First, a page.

Congestion pricing can raise most of the money we need to pay for The Big Move while providing immediate benefits to drivers and the regional economy.
By Ryan McGreal
Published April 04, 2013
this article has been updated
This week, Metrolinx released a short list of proposed investment tools to pay for The Big Move, the 25-year regional transportation plan for the Greater Toronto and Hamilton Area (GTHA).
Metrolinx will present its final investment strategy to the Ontario Government in June to pay for the remaining $35 billion in projects, which includes Hamilton's east-west B-Line LRT as one of the top priorities.
Whatever other tools the Ontario Government decides to adopt to pay for The Big Move, congestion pricing on GTHA highways should definitely be a core component.
Highway congestion pricing can singlehandedly raise most of the money the Province needs to pay for The Big Move. Even better, congestion pricing confers immediate and significant benefits to drivers and the economy as a whole, even before the new transit infrastructure is built.
Even better for politicians, congestion pricing is a safe political gamble to the government that puts it in place, because it tends to become more popular over time as people experience it.
Congestion pricing imposes a monetary surcharge on drivers to drive on congested highways.
The idea behind congestion pricing is simple and comes from economics: raising the price of something reduces the demand (just as lowering the price increases demand). Since the demand for a "free" good like a highway will always outstrip the supply, the most effective way to reduce demand is to impose a price.
And before irate drivers interject to argue that they pay for highways through gas taxes, permits and so on, we must note that the numbers do not support this claim. Even if every conceivable charge to drivers is taken into account, Canadian roads and highways are still subsidized out of general tax revenues to the tune of billions of dollars a year.
At the same time, traffic congestion is a negative externality - an action undertaken by individuals that imposes costs on society as a whole. Those costs include the local environmental costs of air pollution and the global environmental costs of climate change.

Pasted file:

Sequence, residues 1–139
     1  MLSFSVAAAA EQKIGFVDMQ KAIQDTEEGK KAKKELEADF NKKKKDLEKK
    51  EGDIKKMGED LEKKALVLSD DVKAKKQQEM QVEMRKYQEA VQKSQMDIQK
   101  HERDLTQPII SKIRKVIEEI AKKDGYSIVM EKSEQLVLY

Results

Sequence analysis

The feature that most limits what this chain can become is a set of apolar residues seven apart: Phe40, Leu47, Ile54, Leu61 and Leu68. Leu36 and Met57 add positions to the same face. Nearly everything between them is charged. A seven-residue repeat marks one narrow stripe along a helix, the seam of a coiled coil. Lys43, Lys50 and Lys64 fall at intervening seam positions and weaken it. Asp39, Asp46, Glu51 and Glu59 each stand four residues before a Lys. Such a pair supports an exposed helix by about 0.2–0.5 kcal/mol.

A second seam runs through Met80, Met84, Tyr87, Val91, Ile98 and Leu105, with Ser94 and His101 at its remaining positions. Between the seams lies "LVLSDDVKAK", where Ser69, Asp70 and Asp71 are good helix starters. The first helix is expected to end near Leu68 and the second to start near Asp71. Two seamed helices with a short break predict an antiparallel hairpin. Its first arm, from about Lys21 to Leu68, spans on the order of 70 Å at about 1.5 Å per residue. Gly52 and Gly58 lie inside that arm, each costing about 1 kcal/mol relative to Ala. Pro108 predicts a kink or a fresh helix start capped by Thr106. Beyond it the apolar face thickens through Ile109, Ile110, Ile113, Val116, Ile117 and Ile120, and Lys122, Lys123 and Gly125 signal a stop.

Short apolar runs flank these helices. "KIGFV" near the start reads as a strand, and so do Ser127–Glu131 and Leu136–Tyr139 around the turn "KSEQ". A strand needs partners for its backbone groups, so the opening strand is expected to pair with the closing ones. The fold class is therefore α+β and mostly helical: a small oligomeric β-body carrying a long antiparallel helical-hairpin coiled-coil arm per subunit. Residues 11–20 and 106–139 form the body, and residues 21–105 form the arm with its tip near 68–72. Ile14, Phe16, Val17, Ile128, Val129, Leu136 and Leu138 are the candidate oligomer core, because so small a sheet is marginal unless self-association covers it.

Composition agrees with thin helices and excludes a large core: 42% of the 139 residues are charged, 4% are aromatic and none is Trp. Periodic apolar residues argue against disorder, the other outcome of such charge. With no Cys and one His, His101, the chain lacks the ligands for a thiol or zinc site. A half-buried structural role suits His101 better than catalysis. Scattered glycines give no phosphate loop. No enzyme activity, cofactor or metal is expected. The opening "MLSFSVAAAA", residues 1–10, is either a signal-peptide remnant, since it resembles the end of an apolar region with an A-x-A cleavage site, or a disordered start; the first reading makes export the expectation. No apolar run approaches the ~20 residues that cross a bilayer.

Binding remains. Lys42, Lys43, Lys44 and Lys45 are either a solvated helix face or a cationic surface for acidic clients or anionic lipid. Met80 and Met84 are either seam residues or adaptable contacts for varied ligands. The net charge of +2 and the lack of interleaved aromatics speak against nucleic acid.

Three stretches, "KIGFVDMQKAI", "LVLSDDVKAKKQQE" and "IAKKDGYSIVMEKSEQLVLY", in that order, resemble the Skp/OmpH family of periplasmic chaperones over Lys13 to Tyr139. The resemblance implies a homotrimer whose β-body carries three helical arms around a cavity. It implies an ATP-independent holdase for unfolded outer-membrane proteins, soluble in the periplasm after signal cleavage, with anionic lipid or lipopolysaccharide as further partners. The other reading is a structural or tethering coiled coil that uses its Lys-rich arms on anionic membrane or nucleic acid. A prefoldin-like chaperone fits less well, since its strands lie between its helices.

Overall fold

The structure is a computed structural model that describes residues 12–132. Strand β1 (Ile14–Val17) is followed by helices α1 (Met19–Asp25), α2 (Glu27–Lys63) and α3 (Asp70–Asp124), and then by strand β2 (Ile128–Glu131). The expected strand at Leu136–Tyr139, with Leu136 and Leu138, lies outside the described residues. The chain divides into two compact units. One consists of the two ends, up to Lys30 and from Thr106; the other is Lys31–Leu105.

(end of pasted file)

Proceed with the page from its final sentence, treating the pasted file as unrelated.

They also include the economic cost of lost efficiency in the movement of people and goods through the region. Sitting in traffic is expensive, which is why the Toronto Board of Trade is recommending tax and toll measures to fund The Big Move.
Congestion pricing acts to internalize these external costs of congestion by applying it directly to the people producing it. The goal is to reduce the peak demand, i.e. morning and afternoon rush hour, by enough vehicles so that traffic can flow freely.
It's important to remember that congestion is a non-linear phenomenon, so small increases in traffic beyond the highway's capacity lead to disproportionate increases in congestion. The inverse is also true: small reductions in peak traffic can lead to large reductions in congestion.
As such, the highway toll should be variable based on time of day. Commuters should be rewarded for driving at off-peak times by paying much lower charges than if they drive during rush hour.
Before we go any farther, please take a few minutes and watch this TED talk by Jonas Eliasson, the director of the Centre for Transport Studies at the Swedish Royal Institute of Technology. Thanks to the manner in which Stockholm adopted congestion pricing, we have a delightfully scientific case study in how drivers respond to price signals.
Stockholm was able to eliminate traffic congestion literally overnight by implementing congestion pricing that reduced traffic volumes by 20% during peak times.
Eliasson also notes that people are remarkably adaptable and respond immediately to incentives - or "nudges" as he calls them. When the congestion charge was eliminated after the trial period ended, the congestion came back, again literally overnight. He explains: